- Build institutional memory by openly discussing cases of audit failure, in the same way that NASA analyses the causes of the 1986 Challenger spacecraft explosion as part of its induction process for new employees.
- Reduce pressure on and encourage ‘speak up’ by junior auditors - they are often the first to encounter difficult issues during audit projects but time pressure creates a strong incentive not to report an irregularity.
- Conduct regular reviews of culture in audit firms, learning from the similar practice in financial services, with partners held responsible for the culture within their teams.
Carsten Jung, IPPR senior economist and lead author, said:
“Auditors need to define and articulate a purpose beyond profit, and put it into action - otherwise they will breed cynicism in their workforce. They should see their role as doing the detective work on businesses that society needs to ensure that they are run responsibly, with the wider public interest in mind.
“Career incentives within the audit industry are too reliant on giving good news rather than flagging potentially bad news early on. Audit firms need to be given a clear public purpose of comprehensively challenging businesses where challenge is needed. To achieve this, it’s vital to put culture change at the heart of the revamp of the audit industry.”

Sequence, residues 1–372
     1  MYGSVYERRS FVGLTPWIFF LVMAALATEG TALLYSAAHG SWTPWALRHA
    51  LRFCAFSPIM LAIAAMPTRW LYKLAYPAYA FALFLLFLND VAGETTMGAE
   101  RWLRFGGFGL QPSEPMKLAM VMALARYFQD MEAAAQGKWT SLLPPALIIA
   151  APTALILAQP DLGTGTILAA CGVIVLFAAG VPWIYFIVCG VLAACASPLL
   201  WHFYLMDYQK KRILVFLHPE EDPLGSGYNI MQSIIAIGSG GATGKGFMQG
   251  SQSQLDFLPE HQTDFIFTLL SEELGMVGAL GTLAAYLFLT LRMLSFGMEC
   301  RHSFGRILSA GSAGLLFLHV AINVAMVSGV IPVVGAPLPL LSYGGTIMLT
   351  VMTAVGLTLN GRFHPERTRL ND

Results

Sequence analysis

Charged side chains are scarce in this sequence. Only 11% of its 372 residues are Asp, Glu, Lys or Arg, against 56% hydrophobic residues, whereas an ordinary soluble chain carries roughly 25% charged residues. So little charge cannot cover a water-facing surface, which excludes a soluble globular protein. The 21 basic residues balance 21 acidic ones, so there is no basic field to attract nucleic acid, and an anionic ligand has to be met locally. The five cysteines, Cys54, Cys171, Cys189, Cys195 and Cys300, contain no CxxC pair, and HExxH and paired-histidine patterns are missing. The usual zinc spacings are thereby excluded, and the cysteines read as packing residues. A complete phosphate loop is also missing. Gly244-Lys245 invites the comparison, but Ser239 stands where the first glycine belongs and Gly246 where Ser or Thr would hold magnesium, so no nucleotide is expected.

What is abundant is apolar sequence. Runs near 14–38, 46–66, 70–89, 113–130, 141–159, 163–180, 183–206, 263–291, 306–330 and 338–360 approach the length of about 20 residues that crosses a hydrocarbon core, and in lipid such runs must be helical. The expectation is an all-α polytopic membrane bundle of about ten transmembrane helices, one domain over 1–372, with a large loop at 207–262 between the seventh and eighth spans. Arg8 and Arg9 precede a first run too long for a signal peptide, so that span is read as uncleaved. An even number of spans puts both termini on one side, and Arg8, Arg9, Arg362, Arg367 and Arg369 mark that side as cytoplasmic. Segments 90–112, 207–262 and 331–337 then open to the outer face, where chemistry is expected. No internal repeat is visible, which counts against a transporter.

Shreya Nanda, IPPR economist and co-author of the first report in this series, said:
"Audit firms should openly discuss past cases of audit failure, and routinely analyse their root causes with new joiners. To this day, NASA analyses the root causes of the explosion of the Challenger spacecraft as part of the induction for new staff. To prevent another Carillion, audit firms should learn from NASA, and do just the same.
“We need to bring the audit industry into the 21st century by stepping up regulatory oversight and ensuring that, among other much-needed change, the failings of its internal culture are also addressed.”
NOTES TO EDITORS
- The IPPR paper, Remaking Audit: A plan for culture change and regulatory reform by Carsten Jung and Marco Meyer, will be published at 0001 on Friday May 28. It will be available for download at: http://www.ippr.org/research/publications/remaking-audit
- Co-author Dr Marco Meyer is junior research group lead and Freigeist Fellow at the University of Hamburg’s Department of Philosophy
- A previous IPPR paper examined the profound weaknesses of the current audit system. The Truth Tellers: Why we need profound audit reform now, by Carsten Jung and Shreya Nanda, was published in April and is at http://www.ippr.org/research/publications/the-truth-tellers
- A third paper in this series will review in detail the reforms proposed by the recent government white paper, and will be published later this year.
- IPPR is the UK’s pre-eminent progressive think tank. With more than 40 staff in offices in London, Manchester, Newcastle and Edinburgh, IPPR is Britain’s only national think tank with a truly national presence. www.ippr.org